Michael Benner

My journey to becoming a horseman may differ from most. Horses where part of mother’s childhood, but not mine. While at college there was a farm nearby where you could rent a horse by the hour, with no guides. I nearly missed a few mid-terms and finals due to being out on horseback. It was a true sense of peace that even exceeded my hiking adventures. Focusing on my degree in system engineering and development I found work at the Philly race track maintaining the betting network. It was here that horses found their way back into my life for a time. Then at age 25 I moved to NC to work within the RTP tech sector. At 26 I bought my first horse and thought I was an excellent rider. My mare, being not as well rounded as the rental horses, I found I needed lessons. I found my first riding instructor, Simone Brannan, at J&H Stables. I owe it to my very green mare to starting on a very rewarding journey into horsemanship. It is working with horses that have allowed me to combine passions into a rewarding life helping horses with people problems. Since then I have devoted myself to learning and studying with some the most notable horsemen from local to international level. Over the years I have developed principles which are based on sound, light handed horse handling methods. Sixteen years ago my wife and I founded Collective Horsemanship to bring my principles and perspective of working with horses to the public.

Continuing Education:

  • Going green with horse farms
  • Leave no Trace
  • Back Country guiding
  • Martin Black Clinics
  • Dennis Reis Universal horsemanship
  • John Lyons
  • Craig Cameron
  • Mike Branch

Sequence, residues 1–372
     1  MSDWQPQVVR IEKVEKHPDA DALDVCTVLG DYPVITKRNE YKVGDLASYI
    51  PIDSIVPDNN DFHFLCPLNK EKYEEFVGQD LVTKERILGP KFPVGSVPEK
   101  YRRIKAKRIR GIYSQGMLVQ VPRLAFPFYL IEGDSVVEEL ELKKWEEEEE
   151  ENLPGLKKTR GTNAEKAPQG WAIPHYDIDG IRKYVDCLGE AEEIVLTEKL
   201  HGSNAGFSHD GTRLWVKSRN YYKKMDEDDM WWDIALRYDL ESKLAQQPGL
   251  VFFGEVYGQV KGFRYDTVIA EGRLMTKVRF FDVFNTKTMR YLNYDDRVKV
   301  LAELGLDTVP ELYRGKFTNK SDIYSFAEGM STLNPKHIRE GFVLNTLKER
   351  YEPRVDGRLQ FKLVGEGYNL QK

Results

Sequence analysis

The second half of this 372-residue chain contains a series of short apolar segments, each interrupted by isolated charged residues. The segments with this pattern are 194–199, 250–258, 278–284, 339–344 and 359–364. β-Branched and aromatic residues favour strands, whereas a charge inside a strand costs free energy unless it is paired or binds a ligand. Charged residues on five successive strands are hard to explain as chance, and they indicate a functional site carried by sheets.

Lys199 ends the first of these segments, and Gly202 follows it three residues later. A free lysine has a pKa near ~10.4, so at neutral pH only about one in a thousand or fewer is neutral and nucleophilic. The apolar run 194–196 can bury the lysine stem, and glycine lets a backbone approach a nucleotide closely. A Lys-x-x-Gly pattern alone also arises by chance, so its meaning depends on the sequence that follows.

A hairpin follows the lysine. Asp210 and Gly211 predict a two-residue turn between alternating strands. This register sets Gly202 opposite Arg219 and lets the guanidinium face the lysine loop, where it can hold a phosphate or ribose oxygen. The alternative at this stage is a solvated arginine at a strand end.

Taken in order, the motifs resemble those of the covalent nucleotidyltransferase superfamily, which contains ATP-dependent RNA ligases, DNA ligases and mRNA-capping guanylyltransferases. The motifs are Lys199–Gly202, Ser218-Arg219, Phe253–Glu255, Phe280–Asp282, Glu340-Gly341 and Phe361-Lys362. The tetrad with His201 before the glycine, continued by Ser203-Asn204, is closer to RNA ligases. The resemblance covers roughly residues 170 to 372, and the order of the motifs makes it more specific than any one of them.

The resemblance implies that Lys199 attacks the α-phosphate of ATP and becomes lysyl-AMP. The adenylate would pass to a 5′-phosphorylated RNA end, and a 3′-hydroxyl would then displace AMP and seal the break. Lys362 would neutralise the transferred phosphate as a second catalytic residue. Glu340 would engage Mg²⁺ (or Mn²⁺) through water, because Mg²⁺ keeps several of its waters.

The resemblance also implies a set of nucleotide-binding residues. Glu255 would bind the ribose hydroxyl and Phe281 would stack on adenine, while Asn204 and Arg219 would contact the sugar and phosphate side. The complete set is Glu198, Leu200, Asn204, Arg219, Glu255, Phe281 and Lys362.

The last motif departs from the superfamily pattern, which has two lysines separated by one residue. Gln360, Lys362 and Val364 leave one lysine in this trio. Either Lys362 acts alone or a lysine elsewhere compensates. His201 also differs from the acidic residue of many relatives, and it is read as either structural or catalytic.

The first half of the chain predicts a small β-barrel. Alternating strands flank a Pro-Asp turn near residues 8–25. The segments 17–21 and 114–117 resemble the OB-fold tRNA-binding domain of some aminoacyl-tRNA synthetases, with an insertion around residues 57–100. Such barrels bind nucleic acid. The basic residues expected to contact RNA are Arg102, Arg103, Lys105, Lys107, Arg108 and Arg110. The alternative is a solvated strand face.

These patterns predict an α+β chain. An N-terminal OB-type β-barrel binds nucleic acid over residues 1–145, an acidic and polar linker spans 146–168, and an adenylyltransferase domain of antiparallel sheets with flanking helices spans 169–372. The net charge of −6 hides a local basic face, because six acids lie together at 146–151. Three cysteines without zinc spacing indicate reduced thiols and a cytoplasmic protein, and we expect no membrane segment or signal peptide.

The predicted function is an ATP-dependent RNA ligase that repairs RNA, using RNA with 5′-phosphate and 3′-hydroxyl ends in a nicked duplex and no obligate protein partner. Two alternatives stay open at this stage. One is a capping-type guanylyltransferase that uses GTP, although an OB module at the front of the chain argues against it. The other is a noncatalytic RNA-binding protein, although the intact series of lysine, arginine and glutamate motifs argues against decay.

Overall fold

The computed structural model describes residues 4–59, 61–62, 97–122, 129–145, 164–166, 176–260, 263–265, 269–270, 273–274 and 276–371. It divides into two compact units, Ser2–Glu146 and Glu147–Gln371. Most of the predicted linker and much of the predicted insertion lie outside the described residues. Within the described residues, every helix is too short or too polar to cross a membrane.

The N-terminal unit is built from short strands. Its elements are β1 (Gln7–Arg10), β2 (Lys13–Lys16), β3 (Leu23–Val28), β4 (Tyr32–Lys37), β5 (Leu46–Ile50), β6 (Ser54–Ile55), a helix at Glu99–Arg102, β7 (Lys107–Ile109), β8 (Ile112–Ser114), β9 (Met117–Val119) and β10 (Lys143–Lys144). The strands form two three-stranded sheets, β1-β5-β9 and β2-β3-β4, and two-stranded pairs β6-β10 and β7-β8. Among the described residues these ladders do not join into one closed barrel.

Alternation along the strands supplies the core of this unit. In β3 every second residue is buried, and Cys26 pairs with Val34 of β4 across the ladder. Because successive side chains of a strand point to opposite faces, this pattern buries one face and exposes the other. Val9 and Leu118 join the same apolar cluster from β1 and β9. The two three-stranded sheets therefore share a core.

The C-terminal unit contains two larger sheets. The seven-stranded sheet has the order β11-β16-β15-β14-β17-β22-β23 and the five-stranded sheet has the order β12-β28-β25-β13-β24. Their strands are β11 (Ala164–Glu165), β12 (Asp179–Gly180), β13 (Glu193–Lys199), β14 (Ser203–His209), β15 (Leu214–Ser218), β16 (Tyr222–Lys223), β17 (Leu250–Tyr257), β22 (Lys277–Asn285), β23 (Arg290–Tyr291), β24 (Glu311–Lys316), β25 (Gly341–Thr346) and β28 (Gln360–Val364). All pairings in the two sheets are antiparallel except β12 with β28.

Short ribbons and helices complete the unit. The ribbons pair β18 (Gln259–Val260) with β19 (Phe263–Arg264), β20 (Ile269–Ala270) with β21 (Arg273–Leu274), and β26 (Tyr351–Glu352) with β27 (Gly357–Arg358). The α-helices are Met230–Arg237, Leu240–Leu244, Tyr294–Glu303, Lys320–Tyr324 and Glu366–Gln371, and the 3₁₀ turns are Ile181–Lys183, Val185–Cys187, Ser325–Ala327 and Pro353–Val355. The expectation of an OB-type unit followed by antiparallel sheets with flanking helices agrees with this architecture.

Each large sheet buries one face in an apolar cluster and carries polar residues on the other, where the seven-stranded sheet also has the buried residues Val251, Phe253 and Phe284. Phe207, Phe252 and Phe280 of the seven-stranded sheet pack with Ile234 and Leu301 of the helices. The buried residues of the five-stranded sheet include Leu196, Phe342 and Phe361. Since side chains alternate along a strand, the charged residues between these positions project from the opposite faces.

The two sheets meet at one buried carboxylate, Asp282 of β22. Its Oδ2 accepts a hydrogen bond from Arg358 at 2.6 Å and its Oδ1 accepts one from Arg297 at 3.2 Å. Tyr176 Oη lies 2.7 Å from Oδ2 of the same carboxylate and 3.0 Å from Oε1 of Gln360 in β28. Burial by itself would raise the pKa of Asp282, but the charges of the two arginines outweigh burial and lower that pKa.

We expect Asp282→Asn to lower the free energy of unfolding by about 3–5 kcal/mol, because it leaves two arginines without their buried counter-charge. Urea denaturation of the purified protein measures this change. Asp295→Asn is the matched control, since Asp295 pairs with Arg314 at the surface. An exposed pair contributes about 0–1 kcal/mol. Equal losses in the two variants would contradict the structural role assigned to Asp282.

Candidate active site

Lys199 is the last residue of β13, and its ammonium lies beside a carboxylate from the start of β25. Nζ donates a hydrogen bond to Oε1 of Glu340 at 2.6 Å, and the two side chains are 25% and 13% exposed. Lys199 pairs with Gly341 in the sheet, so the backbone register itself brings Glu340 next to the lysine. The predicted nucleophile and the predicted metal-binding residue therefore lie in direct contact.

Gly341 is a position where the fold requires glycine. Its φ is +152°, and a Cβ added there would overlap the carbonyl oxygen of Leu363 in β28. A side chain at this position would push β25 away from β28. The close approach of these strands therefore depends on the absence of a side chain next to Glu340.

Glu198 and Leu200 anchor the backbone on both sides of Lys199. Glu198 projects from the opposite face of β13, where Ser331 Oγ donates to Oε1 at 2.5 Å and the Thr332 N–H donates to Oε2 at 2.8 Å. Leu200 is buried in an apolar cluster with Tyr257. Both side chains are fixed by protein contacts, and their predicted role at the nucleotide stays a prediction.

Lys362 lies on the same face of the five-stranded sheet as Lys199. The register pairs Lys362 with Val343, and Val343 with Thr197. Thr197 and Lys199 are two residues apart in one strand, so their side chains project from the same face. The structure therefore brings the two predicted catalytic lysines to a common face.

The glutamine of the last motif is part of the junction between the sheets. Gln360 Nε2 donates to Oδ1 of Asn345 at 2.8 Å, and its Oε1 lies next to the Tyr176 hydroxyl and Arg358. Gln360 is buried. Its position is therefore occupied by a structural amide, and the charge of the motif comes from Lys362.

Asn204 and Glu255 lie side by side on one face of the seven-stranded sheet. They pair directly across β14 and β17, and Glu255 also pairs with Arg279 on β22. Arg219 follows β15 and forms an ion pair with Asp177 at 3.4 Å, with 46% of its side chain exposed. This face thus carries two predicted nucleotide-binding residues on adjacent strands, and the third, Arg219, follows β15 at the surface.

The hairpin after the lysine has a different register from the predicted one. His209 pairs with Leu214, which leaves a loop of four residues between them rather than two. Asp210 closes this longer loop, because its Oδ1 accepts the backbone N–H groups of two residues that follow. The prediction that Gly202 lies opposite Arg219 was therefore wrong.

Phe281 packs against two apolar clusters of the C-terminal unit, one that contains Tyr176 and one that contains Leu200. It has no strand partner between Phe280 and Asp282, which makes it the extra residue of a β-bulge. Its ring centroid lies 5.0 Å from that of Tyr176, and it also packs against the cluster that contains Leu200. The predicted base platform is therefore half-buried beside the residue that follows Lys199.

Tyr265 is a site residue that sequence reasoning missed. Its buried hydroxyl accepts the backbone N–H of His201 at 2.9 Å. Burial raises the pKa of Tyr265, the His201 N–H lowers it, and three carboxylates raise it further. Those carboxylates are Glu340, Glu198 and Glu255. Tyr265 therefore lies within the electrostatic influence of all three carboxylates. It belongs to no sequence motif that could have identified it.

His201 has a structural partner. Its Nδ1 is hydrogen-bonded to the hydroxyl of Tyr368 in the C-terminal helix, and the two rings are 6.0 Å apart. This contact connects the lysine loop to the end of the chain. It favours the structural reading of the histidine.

• National Forest Trail Development


  • Habitat for Humanities
  • Carolina Tiger Rescue


  • Founding Member of American Natural Horsemanship (now closed)
  • Back Country Horseman of Uwharrie
  • NC Horse Council
  • NBHA
  • Certified Horsemen Association
  • Horse obstacle challenges
  • NBHA


  • Open horse shows

The goal of my workshops is for you to leave with a better understanding of how to communicate with your horse. I have worked with and learned from some of the greatest horsemen and women of our time. I have also had the opportunity to teach riders from all disciplines and worked with horses of all breeds. Over the years I have learned several truths about horses. One is that a horse never lies. The horse will be exactly as good as his human. When he has a choice, the horse will always make his own decision. And that decision will always be a reflection of you, the human. The nature of the horse is universal, no matter what discipline he is trained for or what breed he is.

My Universal Horsemanship workshops are taught in an environment where the horse is allowed to express himself. Students learn about the horse’s true nature through exercises that encourage the horse to make his own decisions without restraint or force. I also teach skills that enable students to act as herd leaders to their horses. Because my students work with the horse’s nature instead of trying to control it, they have willing, happy, safe horses.

  • Central
North Carolina Horse Council